Take the 2-minute tour ×
Stack Overflow is a question and answer site for professional and enthusiast programmers. It's 100% free, no registration required.

I am a total Beginner and while I had most of the Application right away. I can t make a background picture for my swing gui. I ve read that you should do it with the overriding the paint methode, which I did. But somewhere I am making a mistake. Since nothing chances, except that the Button is invisible until I go over it with the Mouse. I tried several things, maybe one of you can see the Problem and help me out? Thanks a lot :)

import java.awt.*;
import java.awt.event.ActionEvent;
import java.awt.event.ActionListener;
import javax.swing.*;

/**
 *
 * @author Shore
 */
public class GUI extends JFrame implements ActionListener  {
    Container c;
    JButton überprüfungsButton = new JButton();
    JTextField eingabeTextField = new JTextField();
    JTextArea ausgabeTextFeld = new JTextArea();
    Image hintergrundBild;



    public GUI(){
        this.hintergrundBild = Toolkit.getDefaultToolkit().getImage( "Bild2.jpg" );
        c = getContentPane();   
        c.setLayout(new BorderLayout());
        c.setBackground(Color.LIGHT_GRAY);
        überprüfungsButton = new JButton("Test");
        überprüfungsButton.addActionListener(this);
        c.add(überprüfungsButton, BorderLayout.CENTER);
        eingabeTextField = new JTextField(40);
        c.add(eingabeTextField, BorderLayout.PAGE_START);
        eingabeTextField.setOpaque(false);
        ausgabeTextFeld = new JTextArea(30,30);
        c.add(ausgabeTextFeld, BorderLayout.PAGE_END);
        ausgabeTextFeld.setOpaque(false);



    }
    public static void main(String[] args) {
          GUI fenster = new GUI();
          fenster.setTitle("Für");
          fenster.setSize(800, 800);
          fenster.setVisible(true);
          fenster.setDefaultCloseOperation(JFrame.EXIT_ON_CLOSE);

    }

      protected void paintComponent(Graphics g) {

                if (hintergrundBild != null) {
                    g.drawImage(hintergrundBild, 0, 0, getWidth(), getHeight(), null);
                }
      }


    @Override
    public void actionPerformed(ActionEvent e) {
       if(e.getSource() == überprüfungsButton){

Thanks whoever took the Time to take a look at it.

Update: I actually can resolve the Problem with Netbeans and the swing-GUI Creator. However, I am still very curious! If you could still help me, I would appreciate it.

share|improve this question

1 Answer 1

up vote 2 down vote accepted

JFrame does not override paintComponent so Swing will not invoke it.

Adding the @Override annotation above the method will show that the method is not contained in the super class. The simplest way to implement a background image is to create a subclass of JPanel and override paintComponent there.

Update:

There are many examples on the web where the class JFrame is extended. From a design point is view this is not necessary as you typically do not any new functionality to the frame. For this reason just creating a direct instance & using is better (shown):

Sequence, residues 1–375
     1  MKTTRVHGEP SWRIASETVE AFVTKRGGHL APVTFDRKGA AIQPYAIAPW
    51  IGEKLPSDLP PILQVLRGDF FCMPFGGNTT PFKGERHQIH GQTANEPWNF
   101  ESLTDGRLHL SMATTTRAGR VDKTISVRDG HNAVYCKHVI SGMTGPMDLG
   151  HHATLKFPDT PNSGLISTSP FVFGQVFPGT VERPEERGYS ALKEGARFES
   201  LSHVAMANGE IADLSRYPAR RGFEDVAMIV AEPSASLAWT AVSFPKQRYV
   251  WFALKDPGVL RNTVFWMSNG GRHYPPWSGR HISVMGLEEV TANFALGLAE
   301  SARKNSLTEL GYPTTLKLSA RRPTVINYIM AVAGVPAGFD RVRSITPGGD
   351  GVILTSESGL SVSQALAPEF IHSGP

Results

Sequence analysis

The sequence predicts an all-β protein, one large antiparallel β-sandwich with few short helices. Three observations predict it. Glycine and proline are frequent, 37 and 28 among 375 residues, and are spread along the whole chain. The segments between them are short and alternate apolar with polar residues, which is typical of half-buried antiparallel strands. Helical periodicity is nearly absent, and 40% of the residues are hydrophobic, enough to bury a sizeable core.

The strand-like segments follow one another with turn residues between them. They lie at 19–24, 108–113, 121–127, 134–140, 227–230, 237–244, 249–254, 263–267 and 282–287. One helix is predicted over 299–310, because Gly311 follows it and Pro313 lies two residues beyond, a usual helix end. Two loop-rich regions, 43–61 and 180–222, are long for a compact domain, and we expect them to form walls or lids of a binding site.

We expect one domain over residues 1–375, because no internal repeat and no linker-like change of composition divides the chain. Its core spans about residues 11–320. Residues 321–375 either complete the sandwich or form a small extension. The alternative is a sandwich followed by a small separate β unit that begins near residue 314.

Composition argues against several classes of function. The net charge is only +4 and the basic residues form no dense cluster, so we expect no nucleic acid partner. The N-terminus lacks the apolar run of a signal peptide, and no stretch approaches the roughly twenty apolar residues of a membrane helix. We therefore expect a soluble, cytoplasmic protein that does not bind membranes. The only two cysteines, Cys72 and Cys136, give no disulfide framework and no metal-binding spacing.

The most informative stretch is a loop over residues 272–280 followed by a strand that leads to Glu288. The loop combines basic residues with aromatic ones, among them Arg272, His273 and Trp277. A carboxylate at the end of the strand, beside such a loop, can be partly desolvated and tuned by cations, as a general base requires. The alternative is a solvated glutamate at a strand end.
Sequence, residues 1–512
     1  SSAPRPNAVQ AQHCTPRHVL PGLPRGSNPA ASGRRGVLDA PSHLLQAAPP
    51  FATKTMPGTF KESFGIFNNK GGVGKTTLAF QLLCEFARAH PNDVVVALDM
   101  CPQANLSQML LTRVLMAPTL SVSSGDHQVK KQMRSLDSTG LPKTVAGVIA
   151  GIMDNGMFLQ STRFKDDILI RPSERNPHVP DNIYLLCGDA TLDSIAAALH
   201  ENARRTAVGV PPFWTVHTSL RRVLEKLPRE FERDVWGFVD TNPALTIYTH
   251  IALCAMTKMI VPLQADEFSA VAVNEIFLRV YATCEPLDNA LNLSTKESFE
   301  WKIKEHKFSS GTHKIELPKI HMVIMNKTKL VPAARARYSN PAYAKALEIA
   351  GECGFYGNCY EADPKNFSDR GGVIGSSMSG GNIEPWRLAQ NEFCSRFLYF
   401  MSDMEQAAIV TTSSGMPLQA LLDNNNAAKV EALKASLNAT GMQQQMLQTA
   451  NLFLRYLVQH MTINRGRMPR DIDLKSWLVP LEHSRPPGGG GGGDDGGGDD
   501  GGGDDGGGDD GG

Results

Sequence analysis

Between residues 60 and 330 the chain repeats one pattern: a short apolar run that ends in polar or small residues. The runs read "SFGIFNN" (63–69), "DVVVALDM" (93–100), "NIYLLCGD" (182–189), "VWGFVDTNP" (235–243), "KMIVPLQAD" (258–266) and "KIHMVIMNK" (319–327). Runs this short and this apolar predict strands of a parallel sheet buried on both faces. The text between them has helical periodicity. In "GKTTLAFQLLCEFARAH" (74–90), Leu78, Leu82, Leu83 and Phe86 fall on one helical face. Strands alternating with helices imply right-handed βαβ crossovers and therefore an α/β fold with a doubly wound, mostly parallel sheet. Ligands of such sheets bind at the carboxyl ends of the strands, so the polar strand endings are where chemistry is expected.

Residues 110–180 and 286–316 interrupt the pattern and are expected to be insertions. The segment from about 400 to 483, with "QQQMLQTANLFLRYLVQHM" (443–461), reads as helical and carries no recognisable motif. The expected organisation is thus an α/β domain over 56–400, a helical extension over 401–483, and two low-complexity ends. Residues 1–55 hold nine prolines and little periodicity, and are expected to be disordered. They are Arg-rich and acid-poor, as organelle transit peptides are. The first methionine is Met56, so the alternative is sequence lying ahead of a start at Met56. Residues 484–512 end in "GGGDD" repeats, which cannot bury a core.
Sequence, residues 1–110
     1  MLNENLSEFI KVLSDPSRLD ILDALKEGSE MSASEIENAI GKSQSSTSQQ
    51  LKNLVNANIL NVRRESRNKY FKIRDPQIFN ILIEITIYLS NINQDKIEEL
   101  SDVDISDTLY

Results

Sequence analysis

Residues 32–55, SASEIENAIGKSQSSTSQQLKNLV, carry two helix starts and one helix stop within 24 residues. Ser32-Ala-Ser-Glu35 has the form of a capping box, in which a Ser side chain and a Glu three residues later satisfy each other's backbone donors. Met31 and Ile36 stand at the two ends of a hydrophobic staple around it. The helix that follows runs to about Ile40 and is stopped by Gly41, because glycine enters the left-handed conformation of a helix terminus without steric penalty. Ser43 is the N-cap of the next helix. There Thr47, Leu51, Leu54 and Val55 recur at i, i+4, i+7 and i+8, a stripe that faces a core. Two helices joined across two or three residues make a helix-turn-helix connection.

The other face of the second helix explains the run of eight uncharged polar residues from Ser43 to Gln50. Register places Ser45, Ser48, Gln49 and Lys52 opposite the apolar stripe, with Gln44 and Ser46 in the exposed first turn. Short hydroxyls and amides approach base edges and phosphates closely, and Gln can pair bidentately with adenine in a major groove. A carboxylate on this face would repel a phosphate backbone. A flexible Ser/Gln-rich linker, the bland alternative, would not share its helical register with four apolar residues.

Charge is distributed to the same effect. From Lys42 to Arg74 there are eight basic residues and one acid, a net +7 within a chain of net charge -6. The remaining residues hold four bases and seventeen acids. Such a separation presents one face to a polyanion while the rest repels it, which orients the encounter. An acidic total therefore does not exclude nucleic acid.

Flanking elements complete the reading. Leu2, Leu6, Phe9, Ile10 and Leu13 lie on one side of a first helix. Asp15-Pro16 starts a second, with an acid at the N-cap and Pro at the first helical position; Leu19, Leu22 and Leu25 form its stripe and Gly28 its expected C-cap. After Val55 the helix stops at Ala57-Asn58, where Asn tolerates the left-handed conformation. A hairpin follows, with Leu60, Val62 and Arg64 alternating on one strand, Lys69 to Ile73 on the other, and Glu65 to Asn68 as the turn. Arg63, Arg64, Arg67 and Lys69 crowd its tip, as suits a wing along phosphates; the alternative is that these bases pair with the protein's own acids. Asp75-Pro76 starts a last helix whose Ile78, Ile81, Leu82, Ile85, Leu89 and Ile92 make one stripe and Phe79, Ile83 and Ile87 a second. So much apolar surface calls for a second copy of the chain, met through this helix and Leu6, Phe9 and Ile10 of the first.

public class BackGroundProblem {
    public static void main(String[] args) throws IOException {

        final Image image = ImageIO.read(new URL("http://news.beloblog.com/ProJo_Blogs/architecturehereandthere/hallstattsumm.jpg"));
        SwingUtilities.invokeLater(new Runnable() {
            @Override
            public void run() {
                JFrame frame = new JFrame();
                JPanel backgroundPanel = new ImagePanel(image);
                backgroundPanel.add(new JButton("Sample Button 1"));
                backgroundPanel.add(new JButton("Sample Button 2"));
                frame.add(backgroundPanel);
                frame.setLocationByPlatform(true);
                frame.pack();
                frame.setDefaultCloseOperation(JFrame.EXIT_ON_CLOSE);
                frame.setVisible(true);
            }
        });
    }
}

class ImagePanel extends JPanel {
    private static final long serialVersionUID = 1L;
    private Image image;

    ImagePanel(Image image) {
        this.image = image;
    };

    @Override
    public void paintComponent(Graphics g) {
        super.paintComponent(g);
        g.drawImage(image, 0, 0, getWidth(), getHeight(), this);
    }

    @Override
    public Dimension getPreferredSize() {
        return new Dimension(800, 600);
    }
}
share|improve this answer
    
Just to get the difference between the two Ways we did.. I reconstrukted your Code and it works perfectly fine. I did make a Class, declared my variablenames at the beginning. Then constructed them in a Constructor. Not as a Frame but as a Container. You made everything in the main Class, under the methode called run...not in a Container but in a Frame.. What is the better kind of codding? –  Florin de Ridder Apr 10 '13 at 14:44
    
Yes, from design point of view, this is better. See update –  Reimeus Apr 10 '13 at 14:52

Your Answer

 
discard

By posting your answer, you agree to the privacy policy and terms of service.

Not the answer you're looking for? Browse other questions tagged or ask your own question.